‘Shocking’: Air Canada CEO slams accessibility services in House committee
Lawmakers impeached Air Canada’s CEO on Monday over “shocking” and “scandalous” failures to accommodate passengers with disabilities.
At a House of Commons committee hearing on services for Canadians with disabilities, CEO Michael Russo faced a barrage of questions about reports of mistreatment of passengers over the past year.
Vice President Tracey Gray cited several “shocking” incidents from 2023: “An elevator fell on an Air Canada passenger’s head and her ventilator cut off; and Air Canada left the wheelchair of its Chief Access Officer of Canada behind on a trans-Canada flight.” …A man fell and was injured when Air Canada employees did not use the elevator as required.”
In August, a man with spastic cerebral palsy had to drag himself off a plane due to a lack of assistance, a situation that Bloc Québécois MP Louise Chaput called a “scandal.”
Asked how Air Canada could improve its services, Rousseau replied: “We make mistakes.” But he pointed to the accelerated accessibility plan announced in November, along with new measures to improve the travel experience for hundreds of thousands of passengers with disabilities.
Last week, the carrier formed an advisory committee made up of customers with disabilities and instituted a program where a lanyard worn by passengers signals to staff that they may need assistance.
“The vast majority of customers who request accessibility assistance from Air Canada have a good experience. There are exceptions. We take responsibility for those exceptions,” Russo said.
Last fall, he apologized for the airline’s failings.
Bonita Zarrillo, the NDP’s disability inclusion critic, suggested the shortcomings run deeper than occasional mistakes, saying Air Canada’s culture and lack of federal enforcement are to blame for the mistreatment, even after regulatory reforms over the past five years.
“I don’t think it should take the horrific and gross stories of neglect and harm done to people with disabilities, whether to their physical being or to their dignity. The violation of their human rights should not be the tip of the spear,” she said. Interview before the hearing.
Complaints came from various angles.
In December, the Canadian Paralympic Committee, along with some athletes with disabilities, called for improved transportation to and from competitions abroad.
The call followed repeated complaints from Paralympic athletes about damaged or broken equipment, as well as flight delays for competitors from Canada trying to reach the Parapan American Games in Chile in November.
Last month, Air Canada appealed a decision by the country’s transportation regulator that seeks to enhance accessibility for passengers with disabilities. If successful, the move would eliminate a requirement to accommodate passengers whose wheelchairs are too large to be transported to the plane’s cargo holds.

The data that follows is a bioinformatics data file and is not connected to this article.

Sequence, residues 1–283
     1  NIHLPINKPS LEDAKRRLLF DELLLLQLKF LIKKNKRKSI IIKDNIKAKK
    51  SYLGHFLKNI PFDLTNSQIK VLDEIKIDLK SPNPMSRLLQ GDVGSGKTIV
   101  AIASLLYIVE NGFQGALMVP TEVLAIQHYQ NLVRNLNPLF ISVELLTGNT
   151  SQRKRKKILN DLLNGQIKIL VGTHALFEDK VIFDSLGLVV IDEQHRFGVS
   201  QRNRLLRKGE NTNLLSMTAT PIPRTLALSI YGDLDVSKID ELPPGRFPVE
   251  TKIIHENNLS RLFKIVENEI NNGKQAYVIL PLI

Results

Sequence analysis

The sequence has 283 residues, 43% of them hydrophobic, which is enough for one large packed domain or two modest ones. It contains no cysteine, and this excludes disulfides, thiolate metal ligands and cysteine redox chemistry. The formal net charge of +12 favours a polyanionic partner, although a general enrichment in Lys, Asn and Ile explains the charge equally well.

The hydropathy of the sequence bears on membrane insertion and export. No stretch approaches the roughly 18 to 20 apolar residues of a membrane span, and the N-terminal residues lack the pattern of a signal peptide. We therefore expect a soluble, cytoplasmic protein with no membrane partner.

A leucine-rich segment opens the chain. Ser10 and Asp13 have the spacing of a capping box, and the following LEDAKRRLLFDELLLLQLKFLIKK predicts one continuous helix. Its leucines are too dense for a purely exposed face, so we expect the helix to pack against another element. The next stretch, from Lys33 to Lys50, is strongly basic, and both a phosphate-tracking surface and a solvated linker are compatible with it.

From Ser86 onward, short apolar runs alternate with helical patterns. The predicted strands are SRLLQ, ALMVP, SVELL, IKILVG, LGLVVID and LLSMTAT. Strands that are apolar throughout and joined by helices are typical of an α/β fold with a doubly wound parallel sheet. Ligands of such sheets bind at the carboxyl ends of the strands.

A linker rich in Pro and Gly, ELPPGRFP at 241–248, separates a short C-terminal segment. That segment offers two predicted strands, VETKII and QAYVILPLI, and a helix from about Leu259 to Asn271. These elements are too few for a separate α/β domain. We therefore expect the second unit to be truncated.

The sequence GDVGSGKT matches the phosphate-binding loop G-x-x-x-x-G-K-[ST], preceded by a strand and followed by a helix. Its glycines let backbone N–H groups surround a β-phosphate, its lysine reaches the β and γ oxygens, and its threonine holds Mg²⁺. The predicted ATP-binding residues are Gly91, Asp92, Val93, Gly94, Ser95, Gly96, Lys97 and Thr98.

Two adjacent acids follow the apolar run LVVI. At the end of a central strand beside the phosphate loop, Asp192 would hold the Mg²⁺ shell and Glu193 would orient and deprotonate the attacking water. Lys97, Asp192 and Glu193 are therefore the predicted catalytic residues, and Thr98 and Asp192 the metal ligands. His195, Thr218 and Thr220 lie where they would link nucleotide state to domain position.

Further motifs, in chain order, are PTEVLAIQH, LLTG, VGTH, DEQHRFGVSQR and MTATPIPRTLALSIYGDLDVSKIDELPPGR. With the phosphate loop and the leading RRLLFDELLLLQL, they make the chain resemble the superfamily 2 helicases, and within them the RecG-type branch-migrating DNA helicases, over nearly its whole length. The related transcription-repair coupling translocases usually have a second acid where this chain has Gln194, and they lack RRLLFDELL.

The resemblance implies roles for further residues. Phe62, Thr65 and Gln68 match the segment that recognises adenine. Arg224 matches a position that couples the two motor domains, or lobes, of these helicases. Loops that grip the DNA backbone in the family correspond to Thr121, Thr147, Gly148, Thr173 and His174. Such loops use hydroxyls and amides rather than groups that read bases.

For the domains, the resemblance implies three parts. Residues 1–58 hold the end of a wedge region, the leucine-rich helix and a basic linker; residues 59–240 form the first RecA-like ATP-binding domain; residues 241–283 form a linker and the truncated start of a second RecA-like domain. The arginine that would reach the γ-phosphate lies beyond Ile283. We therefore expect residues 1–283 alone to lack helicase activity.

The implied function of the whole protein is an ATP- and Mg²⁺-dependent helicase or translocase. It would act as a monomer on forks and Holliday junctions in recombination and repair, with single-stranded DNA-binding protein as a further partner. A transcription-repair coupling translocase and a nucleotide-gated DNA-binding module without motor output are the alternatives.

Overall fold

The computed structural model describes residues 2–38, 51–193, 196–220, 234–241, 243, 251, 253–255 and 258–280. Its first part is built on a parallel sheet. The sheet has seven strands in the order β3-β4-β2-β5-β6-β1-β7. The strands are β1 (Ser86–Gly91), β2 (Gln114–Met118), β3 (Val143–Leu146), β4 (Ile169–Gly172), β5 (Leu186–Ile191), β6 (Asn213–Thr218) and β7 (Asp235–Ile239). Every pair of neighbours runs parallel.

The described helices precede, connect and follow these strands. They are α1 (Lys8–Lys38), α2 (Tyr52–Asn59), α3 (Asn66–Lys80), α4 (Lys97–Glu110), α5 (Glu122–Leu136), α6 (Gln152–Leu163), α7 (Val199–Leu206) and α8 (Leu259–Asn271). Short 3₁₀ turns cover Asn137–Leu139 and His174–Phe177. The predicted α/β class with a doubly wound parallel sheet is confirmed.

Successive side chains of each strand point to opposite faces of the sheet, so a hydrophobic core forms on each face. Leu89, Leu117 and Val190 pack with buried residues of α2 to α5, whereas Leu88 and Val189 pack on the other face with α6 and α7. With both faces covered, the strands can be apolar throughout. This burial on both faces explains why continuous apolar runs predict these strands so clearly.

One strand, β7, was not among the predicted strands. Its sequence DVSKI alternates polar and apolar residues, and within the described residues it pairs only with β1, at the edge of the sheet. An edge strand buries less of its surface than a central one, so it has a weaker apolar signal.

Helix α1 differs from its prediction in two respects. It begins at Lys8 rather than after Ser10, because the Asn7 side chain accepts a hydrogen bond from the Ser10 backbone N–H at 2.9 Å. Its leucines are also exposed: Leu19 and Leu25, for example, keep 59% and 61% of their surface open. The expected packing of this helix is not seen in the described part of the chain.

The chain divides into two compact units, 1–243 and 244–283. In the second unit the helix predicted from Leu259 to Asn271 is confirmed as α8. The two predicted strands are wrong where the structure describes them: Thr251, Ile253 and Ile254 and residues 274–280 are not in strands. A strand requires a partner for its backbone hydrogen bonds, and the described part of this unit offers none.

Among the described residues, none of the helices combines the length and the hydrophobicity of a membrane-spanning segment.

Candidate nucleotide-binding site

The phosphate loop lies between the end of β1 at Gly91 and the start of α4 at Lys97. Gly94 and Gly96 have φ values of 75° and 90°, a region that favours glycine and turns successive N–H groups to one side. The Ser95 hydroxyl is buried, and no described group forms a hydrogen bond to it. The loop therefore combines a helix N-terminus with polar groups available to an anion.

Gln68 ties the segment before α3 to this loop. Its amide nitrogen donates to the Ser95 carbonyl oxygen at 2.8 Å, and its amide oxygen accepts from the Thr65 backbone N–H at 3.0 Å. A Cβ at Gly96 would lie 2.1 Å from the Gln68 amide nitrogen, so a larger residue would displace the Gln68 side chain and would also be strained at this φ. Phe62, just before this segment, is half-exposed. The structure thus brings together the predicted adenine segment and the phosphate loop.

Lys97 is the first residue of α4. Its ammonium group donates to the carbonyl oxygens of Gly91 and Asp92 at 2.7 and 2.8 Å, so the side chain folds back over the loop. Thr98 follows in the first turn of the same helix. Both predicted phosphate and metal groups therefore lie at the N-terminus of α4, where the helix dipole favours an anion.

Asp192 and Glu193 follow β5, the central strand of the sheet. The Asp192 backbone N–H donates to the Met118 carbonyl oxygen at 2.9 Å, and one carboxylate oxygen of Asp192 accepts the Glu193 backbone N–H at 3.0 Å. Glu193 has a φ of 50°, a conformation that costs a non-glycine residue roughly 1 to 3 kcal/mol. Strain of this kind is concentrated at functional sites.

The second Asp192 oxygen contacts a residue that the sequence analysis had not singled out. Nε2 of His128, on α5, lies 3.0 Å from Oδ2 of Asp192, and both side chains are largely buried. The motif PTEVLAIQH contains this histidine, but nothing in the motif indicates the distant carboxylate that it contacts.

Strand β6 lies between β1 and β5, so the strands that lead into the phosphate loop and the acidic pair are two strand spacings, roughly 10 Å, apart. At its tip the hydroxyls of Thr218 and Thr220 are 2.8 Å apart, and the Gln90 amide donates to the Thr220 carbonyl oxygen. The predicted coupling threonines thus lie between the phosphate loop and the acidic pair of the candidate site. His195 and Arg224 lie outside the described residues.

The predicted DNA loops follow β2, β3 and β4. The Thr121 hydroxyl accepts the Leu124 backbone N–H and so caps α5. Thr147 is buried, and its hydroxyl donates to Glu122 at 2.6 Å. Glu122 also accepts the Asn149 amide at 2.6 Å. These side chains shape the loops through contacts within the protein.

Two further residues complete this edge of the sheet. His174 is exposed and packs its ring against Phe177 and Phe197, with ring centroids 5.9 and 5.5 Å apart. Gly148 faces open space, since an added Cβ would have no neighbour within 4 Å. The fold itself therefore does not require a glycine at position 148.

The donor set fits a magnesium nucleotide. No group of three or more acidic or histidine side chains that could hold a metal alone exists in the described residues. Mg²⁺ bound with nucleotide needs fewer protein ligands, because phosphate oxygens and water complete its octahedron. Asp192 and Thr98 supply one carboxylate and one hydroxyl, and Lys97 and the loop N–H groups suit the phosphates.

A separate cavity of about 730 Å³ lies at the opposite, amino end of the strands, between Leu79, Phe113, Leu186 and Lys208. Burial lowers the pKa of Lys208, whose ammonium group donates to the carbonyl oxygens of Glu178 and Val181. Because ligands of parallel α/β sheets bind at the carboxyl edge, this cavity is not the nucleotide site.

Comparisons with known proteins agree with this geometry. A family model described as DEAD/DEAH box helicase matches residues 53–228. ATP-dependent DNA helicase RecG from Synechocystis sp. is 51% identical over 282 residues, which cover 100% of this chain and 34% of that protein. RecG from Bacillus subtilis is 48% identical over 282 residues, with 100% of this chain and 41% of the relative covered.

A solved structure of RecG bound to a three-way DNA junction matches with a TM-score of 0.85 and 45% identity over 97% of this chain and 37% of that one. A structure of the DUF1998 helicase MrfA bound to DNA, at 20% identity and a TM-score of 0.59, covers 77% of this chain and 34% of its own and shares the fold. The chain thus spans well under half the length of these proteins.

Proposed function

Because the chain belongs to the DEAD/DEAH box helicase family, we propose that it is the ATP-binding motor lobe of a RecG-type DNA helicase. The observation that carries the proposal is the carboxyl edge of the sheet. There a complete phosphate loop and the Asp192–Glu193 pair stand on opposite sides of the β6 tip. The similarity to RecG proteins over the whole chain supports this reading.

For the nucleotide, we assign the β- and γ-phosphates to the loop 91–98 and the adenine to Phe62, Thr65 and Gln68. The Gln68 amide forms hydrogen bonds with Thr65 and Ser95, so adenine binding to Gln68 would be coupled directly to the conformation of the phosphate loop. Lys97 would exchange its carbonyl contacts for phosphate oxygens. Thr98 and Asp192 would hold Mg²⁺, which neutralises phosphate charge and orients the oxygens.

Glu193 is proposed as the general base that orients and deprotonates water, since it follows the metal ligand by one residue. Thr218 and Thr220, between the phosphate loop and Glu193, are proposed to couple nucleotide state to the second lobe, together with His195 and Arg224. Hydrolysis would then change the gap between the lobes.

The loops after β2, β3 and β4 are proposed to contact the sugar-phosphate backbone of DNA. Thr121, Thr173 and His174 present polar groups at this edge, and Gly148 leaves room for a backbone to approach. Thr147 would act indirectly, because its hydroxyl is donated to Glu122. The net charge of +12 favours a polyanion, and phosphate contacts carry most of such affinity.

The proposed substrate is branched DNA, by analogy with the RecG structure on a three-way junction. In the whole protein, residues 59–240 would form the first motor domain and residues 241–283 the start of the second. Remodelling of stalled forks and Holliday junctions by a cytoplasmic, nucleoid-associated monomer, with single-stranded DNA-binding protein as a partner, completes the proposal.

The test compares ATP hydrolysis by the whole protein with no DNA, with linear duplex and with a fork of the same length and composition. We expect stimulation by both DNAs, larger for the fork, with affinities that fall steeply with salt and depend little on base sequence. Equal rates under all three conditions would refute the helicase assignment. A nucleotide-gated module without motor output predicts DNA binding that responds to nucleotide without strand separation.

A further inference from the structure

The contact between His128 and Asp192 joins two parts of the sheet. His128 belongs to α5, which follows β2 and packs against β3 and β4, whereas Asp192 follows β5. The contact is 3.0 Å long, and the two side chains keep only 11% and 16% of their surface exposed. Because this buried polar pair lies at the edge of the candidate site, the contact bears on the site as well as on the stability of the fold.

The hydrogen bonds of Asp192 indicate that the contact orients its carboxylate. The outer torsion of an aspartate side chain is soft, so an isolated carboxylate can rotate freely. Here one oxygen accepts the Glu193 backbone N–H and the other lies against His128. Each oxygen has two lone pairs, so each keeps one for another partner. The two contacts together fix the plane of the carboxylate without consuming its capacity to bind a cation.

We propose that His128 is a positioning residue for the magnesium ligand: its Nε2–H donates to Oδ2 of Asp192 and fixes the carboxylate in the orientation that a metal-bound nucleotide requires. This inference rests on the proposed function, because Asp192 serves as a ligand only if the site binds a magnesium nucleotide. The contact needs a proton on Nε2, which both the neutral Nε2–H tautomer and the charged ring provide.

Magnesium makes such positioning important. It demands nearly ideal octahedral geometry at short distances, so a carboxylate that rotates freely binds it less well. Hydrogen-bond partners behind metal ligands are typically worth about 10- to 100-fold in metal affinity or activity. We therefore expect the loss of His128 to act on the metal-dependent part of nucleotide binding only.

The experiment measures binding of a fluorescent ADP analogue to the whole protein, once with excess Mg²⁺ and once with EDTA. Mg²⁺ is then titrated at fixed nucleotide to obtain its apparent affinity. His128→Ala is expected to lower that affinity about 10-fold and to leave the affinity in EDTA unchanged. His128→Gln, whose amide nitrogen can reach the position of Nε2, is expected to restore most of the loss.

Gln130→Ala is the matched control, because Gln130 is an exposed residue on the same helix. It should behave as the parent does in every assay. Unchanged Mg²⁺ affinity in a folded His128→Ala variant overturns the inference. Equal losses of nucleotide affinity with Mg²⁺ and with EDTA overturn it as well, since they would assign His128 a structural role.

Under the three-year accessibility plan, Air Canada has pledged to roll out measures ranging from creating a customer accessibility manager to continuous boarding of passengers who require assistance with a lift first.
The Toronto-based company also aims to implement recurring annual accessibility training — such as how to use the Eagle elevator — for the airport’s 10,000 employees. It also plans to include mobility aids in an app that can track luggage.
Parliamentarians and accessibility advocates have pointed to loopholes in Canada’s Accessibility Act, which they say allow problems to persist in areas ranging from consultation to aid protocols.
Heather Walkus, who chairs the Council of Canadians with Disabilities, highlighted the lack of detail on how staff are trained. It also cited a rule that requires federally regulated businesses to involve people with disabilities in developing policies, programs and services — “a regulation you could drive a truck through.”
“You can send the administrator to Tim Hortons and talk to someone in a wheelchair, and you’ve consulted with the disability community. It’s a vetting process,” she told The Canadian Press in November. She said Air Canada has not contacted the group she leads about its new accessibility blueprint.
Alicia Di Virgilio told CBC News Canada tonight She was “disappointed” by Russo’s testimony and said he left too much unanswered.
Last year on CBC the shop He accompanied Di Virgilio on a round-trip flight with Air Canada from Toronto to Charlottetown, where hidden cameras captured a slew of issues. Di Virgilio agreed to let Marketplace document her trip to raise awareness of the plight that people in wheelchairs go through when boarding flights.
Di Virgilio, who uses a power wheelchair, had her ventilator disconnected and an elevator fell on her head during that trip.
“I can’t accept ‘We’ll do better’ without seeing clear strategies and things in place and I haven’t seen that yet,” Di Virgilio said of Russo’s testimony.
Virgil said Canada tonight Flight attendant Travis Dhanraj believes that allowing passengers to bring their wheelchairs on board will help avoid a number of problems.
“Air travel remains the last form of travel where people with disabilities are required to get out of their wheelchairs,” she said.
“Until we can get on planes with our mobility devices, and sit in our mobility devices, we are at risk.”
(tags for translation)Canada